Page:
Caption for the landscape image:

Census: Let’s focus more on population distribution

Scroll down to read the article

John Robert Tenywa

As Uganda’s current population and housing census sparks various debates, it is crucial to initiate a broader conversation about the potential findings of the census, particularly regarding the expected number of people to be counted and the implications this holds for the economy.

A report by Madsen (2009) revealed that Uganda currently has more than 77 percent of its population under the age of 30. At a growth rate exceeding one million people annually, the population is set to have substantially increased since the last census in 2014.

This growing demographic has profound implications for our economy and the policy decisions looming on the horizon.

The discourse, however, often centres on the growing numbers, but a pivotal question remains: Is the issue really about high population, or is it more about how this population is distributed?

Fengler (2010) suggests that rapid population growth, especially in Africa, may not necessarily pose the primary developmental challenge, as commonly asserted. Instead, it could potentially serve as a fundamental asset for a country’s growth and development.

While a direct cause-and-effect relationship between high population growth and high economic growth cannot be proclaimed, it’s strongly evident that countries with a high population tend to have high GDP figures.

Countries like the USA (333 million people), China (1.42 billion), India (1.41 billion), and Nigeria (218 million) demonstrate how large populations can create robust internal markets that drive demand for goods and services, thereby propelling economic growth.

In Uganda, tapping into this potential means adopting policies that not only manage the size of the population but more critically, optimise its geographic and economic distribution.

On the contrary, a very high population can strain infrastructure, stretch resources, and worsen urban congestion. Yet, these challenges are symptoms of deeper issues tied to how we manage and distribute our human and material resources.

Effective population distribution can alleviate these pressures by enhancing the quality of life and economic viability in less dense areas, reducing the strain on urban centres.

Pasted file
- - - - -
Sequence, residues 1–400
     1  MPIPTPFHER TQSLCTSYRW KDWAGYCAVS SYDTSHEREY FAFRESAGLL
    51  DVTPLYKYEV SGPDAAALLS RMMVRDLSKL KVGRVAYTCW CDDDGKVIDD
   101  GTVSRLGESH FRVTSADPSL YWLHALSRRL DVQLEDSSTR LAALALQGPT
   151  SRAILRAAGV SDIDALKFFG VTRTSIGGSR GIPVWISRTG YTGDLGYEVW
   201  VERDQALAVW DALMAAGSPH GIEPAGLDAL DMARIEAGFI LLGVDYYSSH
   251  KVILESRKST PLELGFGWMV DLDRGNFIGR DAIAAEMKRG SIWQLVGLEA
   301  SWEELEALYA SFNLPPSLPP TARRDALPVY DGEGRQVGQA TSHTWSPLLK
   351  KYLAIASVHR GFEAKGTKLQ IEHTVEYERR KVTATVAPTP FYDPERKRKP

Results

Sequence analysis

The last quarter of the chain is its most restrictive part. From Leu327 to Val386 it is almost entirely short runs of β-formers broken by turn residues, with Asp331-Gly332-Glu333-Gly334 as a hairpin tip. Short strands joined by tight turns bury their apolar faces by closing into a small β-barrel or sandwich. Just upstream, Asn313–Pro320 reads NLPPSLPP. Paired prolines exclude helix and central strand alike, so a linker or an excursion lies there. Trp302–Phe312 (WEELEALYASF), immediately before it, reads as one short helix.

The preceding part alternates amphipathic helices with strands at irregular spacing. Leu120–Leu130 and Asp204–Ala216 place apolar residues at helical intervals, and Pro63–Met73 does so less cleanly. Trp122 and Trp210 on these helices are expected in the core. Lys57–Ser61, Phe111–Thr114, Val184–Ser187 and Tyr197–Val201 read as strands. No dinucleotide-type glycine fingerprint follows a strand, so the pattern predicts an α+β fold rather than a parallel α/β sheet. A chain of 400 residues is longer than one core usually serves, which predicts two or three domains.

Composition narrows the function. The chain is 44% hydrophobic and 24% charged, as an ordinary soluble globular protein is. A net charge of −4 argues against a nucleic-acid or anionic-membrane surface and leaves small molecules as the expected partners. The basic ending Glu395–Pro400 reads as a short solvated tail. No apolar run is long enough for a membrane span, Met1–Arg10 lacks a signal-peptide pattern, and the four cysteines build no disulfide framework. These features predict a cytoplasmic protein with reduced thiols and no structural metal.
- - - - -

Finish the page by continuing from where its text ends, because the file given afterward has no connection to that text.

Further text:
The conversation must, therefore, evolve from viewing a high population with pessimism to appreciating its potential benefits.

Solutions should include enhancing rural infrastructure, improving healthcare and education access in underserved areas, and stimulating businesses to operate beyond urban centres. This would reduce pressure on urban areas, creating a balanced distribution of economic resources in the country.

Furthermore, urban planning needs a reawakening that accommodates growing numbers while preserving livability, which involves everything from transport systems to housing and waste management.

Population distribution strategies can also play a crucial role in ensuring fair representation and equitable resource allocation for all citizens.

Therefore, as this census unfolds, it is a golden opportunity for Uganda to recalibrate its focus. We must delve deeper into understanding the narratives our demographic data tells us and how to harness the latent potentials therein.

The policy frameworks we adopt in response to this census must aim to harness the benefits of our demographic dividend while mitigating its challenges.

In conclusion, while population growth presents its set of challenges, it is not the antagonist in our story. With strategic policies that prioritise effective distribution and harness the economic potential of our people, Uganda can transform demographic pressure into demographic prosperity.

Let this census be the first step towards a future where growth and distribution go hand in hand in shaping a prosperous Uganda.

The writer is researcher, London School of Economics